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How to Remove the Mildew Smell from Books

Five Parts:Why Books Smell Mildewy or MustyFixing Immediate Sources of DampnessUsing an Absorbent to Remove OdorsHiding the OdorFuture Storage

Old books are wonderful treasures to find and can even be worth money, but they come with a musty smell as well. Here's how to remove or reduce that mildew smell.

Part 1
Why Books Smell Mildewy or Musty

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    Check dampness. Dampness, wetness and soaking of a book is the primary cause of mildew or mustiness in a book, providing an ideal growth medium for mold, bacteria or fungus (which all smell bad). Regardless of the cause of excess moisture left on books, moisture causes pages to stick together and nurtures mildew. Dropping the book in the bath causes total havoc, and leaving a book next to a damp wall causes gradual mildew growth. Storage of books results in bad odors from mildew. If you don't know whether the book has been wet in the past, telltale signs include:
    • Pages stuck together (especially the edges), but it can be the whole way through. Chunks of pages can be stuck together, leaving others to freely turn.
    • Discoloration; brown or black speckling, yellowing.
    • Mildew or mold growing on the spine or cover of the book, especially if the book is old and the cover is made from organic material, i.e. leather or paper.
    • Mildew or musty smell, like a damp cellar/basement.
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    Cigarette smoke damage. Another cause of musty odor is exposure to cigarette smoke. Books will look yellowed, speckled (brown spots running up and down page edges and often across inner pages of book; also known as "foxing") and there may be a stinky smoky odor as well as a musty one, depending on how long the book was in the smoky location (being absorbent, book paper can stink of cigarette smoke for years).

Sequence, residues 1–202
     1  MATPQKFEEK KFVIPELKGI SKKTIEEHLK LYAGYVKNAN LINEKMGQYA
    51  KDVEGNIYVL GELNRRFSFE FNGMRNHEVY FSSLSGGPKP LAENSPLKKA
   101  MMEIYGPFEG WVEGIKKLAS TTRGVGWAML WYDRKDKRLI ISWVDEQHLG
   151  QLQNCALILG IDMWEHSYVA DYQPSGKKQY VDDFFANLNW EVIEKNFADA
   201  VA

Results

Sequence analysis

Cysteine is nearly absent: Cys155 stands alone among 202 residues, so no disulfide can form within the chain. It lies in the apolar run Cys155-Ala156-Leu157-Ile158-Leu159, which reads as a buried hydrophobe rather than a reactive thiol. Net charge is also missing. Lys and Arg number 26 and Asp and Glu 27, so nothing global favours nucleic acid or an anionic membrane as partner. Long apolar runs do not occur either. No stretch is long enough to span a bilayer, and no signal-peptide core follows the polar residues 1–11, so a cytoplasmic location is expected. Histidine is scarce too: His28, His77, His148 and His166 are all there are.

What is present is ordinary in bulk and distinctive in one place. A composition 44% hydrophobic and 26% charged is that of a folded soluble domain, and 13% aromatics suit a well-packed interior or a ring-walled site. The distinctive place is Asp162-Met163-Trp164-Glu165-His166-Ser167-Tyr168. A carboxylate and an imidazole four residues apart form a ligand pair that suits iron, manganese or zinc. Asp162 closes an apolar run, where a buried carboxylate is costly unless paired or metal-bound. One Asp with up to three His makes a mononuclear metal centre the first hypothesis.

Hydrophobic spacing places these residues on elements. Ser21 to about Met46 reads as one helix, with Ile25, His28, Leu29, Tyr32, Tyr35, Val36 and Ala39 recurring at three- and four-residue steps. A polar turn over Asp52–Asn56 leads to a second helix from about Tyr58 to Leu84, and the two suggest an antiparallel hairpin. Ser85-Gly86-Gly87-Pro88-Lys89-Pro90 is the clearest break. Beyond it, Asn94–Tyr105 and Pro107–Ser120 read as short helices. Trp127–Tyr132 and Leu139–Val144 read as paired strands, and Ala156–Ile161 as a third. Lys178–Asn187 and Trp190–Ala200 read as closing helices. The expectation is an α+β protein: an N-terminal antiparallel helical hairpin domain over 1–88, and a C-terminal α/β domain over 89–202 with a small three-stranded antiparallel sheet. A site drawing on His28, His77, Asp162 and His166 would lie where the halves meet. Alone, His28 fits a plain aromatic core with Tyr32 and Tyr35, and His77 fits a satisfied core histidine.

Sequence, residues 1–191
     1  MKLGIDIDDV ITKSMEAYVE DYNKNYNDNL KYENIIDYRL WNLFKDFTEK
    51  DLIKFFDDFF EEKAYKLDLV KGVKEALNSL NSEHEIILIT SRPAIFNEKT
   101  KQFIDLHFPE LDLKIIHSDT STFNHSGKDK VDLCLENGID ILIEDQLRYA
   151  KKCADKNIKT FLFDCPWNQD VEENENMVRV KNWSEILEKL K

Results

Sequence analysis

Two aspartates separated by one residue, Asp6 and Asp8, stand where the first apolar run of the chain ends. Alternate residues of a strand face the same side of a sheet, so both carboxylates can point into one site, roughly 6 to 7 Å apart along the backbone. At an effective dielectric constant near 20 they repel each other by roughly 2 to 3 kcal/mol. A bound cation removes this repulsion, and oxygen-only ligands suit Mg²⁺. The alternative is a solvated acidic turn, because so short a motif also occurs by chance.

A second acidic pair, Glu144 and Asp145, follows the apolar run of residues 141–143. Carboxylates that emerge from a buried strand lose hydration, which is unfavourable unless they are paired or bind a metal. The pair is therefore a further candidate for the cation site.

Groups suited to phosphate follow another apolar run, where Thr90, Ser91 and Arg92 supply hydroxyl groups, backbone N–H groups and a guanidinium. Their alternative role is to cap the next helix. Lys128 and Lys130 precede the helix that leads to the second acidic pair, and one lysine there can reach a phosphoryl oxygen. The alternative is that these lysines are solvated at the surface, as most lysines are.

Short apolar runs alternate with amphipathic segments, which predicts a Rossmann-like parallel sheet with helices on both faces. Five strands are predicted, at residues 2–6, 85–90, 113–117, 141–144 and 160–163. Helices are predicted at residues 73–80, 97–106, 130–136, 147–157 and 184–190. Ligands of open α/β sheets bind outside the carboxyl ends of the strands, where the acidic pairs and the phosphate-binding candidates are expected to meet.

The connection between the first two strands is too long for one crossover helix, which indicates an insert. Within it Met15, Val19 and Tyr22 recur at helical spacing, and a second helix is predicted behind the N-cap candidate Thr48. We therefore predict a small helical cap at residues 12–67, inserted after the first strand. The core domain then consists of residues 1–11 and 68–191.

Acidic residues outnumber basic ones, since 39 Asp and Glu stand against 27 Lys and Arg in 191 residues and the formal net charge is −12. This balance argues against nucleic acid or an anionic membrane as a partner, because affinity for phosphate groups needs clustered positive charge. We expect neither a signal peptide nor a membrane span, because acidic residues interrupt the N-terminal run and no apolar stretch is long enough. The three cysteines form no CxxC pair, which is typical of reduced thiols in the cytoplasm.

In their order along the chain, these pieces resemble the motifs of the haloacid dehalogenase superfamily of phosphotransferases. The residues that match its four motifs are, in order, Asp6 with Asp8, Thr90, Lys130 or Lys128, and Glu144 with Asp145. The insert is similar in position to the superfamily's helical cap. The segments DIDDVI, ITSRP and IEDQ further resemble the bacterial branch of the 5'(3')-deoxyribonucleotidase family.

Part 2
Fixing Immediate Sources of Dampness

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    If upon picking up the book, you can feel it is damp and see wet or damp pages clumping together, deal with it immediately. The longer a book is left, the harder it will be to fix and the more likely mildew will grow.
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    Stand the book upright on a table. Fan out the pages gently. If your fingers can't disentangle pages without ripping, use a letter opener and tweezers to separate. Alternatively, blow into the pages from the top to fan the pages out. Apply one strip of adhesive tape over the fan to keep the pages separated.
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    Let stand to dry in a warm spot free of moisture. Ensure that every page is nice and dry.
    • You could try direct sunlight if the book isn't valuable. However, direct sunlight may fade the book, and especially for older, valuable books, could lead to disintegration, discoloration and curling up of the pages permanently. Warmth but not direct sunlight is the best approach.

Part 3
Using an Absorbent to Remove Odors

It's assumed that by this stage, you've dried the book and you want it to be odor-free so it can be read. Remember, dust introduced by these methods may linger in the book and cause damage down the line.